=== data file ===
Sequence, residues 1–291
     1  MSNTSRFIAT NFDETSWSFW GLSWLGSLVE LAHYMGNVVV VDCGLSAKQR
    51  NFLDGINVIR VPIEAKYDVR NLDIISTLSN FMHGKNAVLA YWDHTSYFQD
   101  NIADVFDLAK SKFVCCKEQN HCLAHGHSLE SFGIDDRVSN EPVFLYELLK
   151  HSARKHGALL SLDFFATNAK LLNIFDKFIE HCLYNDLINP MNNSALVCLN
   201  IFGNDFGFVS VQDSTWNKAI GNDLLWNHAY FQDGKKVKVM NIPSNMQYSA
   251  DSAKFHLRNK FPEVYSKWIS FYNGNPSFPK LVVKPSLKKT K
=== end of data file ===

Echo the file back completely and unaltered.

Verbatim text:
Sequence, residues 1–291
     1  MSNTSRFIAT NFDETSWSFW GLSWLGSLVE LAHYMGNVVV VDCGLSAKQR
    51  NFLDGINVIR VPIEAKYDVR NLDIISTLSN FMHGKNAVLA YWDHTSYFQD
   101  NIADVFDLAK SKFVCCKEQN HCLAHGHSLE SFGIDDRVSN EPVFLYELLK
   151  HSARKHGALL SLDFFATNAK LLNIFDKFIE HCLYNDLINP MNNSALVCLN
   201  IFGNDFGFVS VQDSTWNKAI GNDLLWNHAY FQDGKKVKVM NIPSNMQYSA
   251  DSAKFHLRNK FPEVYSKWIS FYNGNPSFPK LVVKPSLKKT K